If you're a regular reader of our blog, it might be easy to get the impression that we are randomly trying lots of things. The reality of life on the project is somewhat different - there is a targeted structure to what we are doing. This post gives a summary of that strategy. To bring back the Cacophony of native fauna in NZ there are a number of separate parts of the puzzle that we are trying to solve. What follows is a summary of each sub-goal as we see it along with an indication of where we are up to with our progress.
Our previous blogs have highlighted how most predators in well trapped areas just walk past existing traps. This blog shows our first attempt at a device designed to trap hard to trap predators or re-invading predators. At the moment the competition for this sort of application is pretty much manual hunting or very intense trapping and baiting (which often never gets to zero).
In recent blog posts we have gone into detail on different trapping strategies. We chose to do this because we are convinced that many approaches that may seem intuitively to be great strategies won’t actually make much of a difference to the elimination of predators. Our camera experiments have shown consistently and across a number of different environments that, for an area that has been trapped for a while, there is a persistent population that avoids existing traps. Today we introduce a collection of approaches and ideas that we believe can actually improve the predator interaction rate and give us a real chance of achieving our predator-free goals.
Today we tackle the question of the kill rate of existing traps. The arsenal of traps available to trappers includes some well-designed, field-tested, and hardy workhorses. And yet we know that even the most skillful deployment of these in the field only delivers a level of suppression, not the total elimination we strive for. Today we discuss why that might be.
The previous blog posts showed how a simple model can help understand typical predator elimination methods. It makes intuitive sense that long life lure or automatic dispensing lures will help with trapping. In this blog we discuss the impact of automatic lures and long life lures for their potential to achieve total predator elimination.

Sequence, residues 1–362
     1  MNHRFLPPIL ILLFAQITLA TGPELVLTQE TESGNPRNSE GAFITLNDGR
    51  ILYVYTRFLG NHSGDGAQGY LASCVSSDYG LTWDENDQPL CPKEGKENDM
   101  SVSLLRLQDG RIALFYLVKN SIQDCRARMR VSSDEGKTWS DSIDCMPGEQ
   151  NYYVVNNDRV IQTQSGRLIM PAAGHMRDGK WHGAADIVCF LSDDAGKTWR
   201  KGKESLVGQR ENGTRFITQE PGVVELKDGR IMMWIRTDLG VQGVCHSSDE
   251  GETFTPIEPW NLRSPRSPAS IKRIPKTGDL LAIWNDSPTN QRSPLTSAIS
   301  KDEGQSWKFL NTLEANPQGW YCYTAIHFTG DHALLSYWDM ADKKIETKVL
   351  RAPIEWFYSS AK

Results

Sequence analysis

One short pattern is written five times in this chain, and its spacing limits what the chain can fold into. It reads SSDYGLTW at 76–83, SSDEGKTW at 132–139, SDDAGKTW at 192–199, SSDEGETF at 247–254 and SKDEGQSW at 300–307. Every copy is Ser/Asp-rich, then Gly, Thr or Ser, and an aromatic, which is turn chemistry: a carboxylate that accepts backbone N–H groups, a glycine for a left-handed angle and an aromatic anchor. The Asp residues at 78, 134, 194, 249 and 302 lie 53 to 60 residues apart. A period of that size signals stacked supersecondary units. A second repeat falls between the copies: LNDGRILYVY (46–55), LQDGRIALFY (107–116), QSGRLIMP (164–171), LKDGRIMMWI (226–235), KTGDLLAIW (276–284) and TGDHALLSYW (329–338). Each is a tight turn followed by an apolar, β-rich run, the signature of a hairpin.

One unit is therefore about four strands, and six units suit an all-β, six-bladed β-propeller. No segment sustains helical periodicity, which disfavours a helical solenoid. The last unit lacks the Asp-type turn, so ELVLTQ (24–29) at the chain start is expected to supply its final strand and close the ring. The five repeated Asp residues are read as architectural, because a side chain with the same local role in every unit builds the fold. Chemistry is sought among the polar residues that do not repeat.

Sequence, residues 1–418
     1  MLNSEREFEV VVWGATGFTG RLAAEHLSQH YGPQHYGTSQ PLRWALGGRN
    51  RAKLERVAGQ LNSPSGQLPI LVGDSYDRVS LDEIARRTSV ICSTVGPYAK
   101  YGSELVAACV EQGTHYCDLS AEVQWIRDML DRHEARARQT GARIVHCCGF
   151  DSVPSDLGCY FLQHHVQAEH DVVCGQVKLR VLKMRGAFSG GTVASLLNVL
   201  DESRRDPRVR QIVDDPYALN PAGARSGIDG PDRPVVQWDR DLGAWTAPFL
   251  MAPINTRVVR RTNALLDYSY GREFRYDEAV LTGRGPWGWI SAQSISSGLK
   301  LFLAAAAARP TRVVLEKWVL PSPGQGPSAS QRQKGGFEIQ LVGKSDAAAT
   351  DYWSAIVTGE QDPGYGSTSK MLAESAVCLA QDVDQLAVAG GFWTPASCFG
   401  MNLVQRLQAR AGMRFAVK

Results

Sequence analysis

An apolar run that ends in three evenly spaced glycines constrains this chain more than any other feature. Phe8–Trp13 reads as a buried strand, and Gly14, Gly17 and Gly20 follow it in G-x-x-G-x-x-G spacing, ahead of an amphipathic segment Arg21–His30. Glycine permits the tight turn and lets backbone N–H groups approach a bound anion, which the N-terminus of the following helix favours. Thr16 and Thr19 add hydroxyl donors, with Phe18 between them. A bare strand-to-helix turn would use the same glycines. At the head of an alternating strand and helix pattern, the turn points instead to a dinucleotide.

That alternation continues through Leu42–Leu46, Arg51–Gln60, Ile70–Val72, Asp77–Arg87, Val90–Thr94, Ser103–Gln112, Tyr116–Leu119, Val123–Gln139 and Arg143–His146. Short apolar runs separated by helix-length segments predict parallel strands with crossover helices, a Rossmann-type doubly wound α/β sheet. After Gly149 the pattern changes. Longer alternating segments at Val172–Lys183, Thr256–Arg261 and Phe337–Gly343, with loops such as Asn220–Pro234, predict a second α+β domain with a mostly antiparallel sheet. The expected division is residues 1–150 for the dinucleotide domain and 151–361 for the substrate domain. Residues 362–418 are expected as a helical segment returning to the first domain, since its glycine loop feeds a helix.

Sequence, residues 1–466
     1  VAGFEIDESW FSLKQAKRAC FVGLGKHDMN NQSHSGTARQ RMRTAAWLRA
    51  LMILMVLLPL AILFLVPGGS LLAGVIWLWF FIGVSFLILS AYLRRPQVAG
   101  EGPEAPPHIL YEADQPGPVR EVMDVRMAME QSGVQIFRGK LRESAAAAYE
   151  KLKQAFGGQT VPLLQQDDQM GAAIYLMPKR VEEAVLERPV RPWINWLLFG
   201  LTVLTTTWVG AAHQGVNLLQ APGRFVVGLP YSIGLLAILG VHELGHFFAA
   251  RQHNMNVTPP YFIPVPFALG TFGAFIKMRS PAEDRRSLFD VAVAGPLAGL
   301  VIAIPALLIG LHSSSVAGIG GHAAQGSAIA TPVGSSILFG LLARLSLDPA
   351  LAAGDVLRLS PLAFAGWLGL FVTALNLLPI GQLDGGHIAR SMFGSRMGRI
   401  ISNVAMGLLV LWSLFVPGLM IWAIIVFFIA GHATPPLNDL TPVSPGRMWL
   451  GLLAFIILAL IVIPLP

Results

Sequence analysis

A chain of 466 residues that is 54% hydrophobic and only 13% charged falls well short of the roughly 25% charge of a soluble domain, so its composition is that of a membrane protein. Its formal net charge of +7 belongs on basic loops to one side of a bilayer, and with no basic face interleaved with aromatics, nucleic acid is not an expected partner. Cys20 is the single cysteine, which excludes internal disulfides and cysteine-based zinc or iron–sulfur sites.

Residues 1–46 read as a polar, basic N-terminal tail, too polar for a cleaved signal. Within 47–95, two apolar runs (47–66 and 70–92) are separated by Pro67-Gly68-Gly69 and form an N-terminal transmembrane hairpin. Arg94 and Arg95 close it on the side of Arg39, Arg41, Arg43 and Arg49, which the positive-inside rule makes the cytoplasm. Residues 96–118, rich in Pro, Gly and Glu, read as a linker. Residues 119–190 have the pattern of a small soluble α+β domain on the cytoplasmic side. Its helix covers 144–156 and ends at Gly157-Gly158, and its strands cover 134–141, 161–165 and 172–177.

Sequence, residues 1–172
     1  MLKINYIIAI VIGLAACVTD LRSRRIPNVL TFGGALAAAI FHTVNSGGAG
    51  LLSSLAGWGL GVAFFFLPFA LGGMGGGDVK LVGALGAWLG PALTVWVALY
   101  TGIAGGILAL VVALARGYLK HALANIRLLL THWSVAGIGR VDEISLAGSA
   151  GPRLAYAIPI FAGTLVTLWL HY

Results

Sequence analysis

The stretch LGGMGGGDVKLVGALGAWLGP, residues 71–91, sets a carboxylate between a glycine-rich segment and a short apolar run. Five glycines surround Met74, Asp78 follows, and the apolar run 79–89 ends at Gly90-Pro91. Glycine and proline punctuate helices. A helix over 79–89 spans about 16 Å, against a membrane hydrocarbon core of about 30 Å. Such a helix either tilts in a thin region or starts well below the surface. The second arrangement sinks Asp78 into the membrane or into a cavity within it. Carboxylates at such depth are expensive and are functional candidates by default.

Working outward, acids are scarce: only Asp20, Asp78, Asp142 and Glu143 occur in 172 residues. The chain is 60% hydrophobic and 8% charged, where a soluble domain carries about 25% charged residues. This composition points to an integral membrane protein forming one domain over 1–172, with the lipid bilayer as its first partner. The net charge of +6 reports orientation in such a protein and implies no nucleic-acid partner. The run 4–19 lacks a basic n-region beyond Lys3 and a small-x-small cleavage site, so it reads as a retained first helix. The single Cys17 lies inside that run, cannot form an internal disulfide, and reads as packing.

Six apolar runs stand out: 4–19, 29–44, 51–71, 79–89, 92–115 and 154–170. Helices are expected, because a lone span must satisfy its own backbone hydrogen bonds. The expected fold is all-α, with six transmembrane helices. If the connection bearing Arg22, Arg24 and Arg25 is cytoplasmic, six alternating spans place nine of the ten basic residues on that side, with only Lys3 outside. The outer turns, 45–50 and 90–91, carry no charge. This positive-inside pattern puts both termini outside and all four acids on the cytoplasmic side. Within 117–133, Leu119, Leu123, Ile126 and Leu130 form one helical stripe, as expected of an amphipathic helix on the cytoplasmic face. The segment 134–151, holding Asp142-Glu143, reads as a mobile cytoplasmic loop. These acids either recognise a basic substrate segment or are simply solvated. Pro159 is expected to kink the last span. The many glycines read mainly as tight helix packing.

Today we return to our core subject of eliminating predators. If you're keen to follow our work on the fever screening device (which is now on the market), we have now launched a new website with its own blog: http://www.tekahuora.com. All future updates on the device will appear there.So, back to dealing with predators. In some previous blog posts, we showed how a simple model can help understand typical trapping and poisoning methods.
The Eastern Bays Songbird project has been going for 2 years and the members were keen to see how they were getting on with their goal of predator eradication. They have been using a 2040 Thermal Camera developed by The Cacophony Project to see what is going on around their traps. Their overall impression before deploying the camera was that they were getting the predator numbers down. They hoped the Thermal Camera would be a great way to get a full picture of the predators in the area. This camera was developed because standard trail cameras are designed for pig and deer and miss lots of the small moving mammals we are interested in here. In this entry, we share their findings.
Our previous blog post showed a simple model to allow you to work out trap interaction rates. The goal of this post is to show that this same simple model can also be used to explain the effectiveness of aerial poison drops. We are not making any comments about the value of poison drops as a tool but just showing how a simple model works for different elimination methods. We like the fact that a fairly simple tool can help explain the relative merits of different elimination methods. The real value starts to appear when we tweak some of the other parameters in the model - we think it gives us a clear idea about useful ways to improve predator elimination.
Over the last three years we have had various versions of our thermal cameras in front of all the main types of traps. What we have found is that a large number of predators seem to just walk on past irrespective of what type of lures and set ups we use. We have detailed videos of rats and possums running all around traps but not always interacting with them. Typical reaction to this is that we must be doing something wrong but after watching tens of thousands of videos we suspect this is more of an issue than just us being hopeless trappers.
Today we introduce a model we have developed to allow you to calculate the interaction rate of your traps. Given inputs such as interaction rate, elimination rate, number of devices, and predator population the model creates a graph showing the likely impact on the population. We think the results are not only intriguing but telling. They suggest it might be time for all of us to adjust our view of the importance of some of the factors involved.
Self-resetting (automatic) traps have been on the market for a while now. Speaking to trappers far and wide (as we have a habit of doing) we hear mixed reviews. Most people seem to get some success when first deploying an auto-trap but the results tend to dip pretty swiftly. At Cacophony, we do value such anecdotal evidence (it really helps us understand the problems of using devices in the field) but we value hard, physical evidence even more.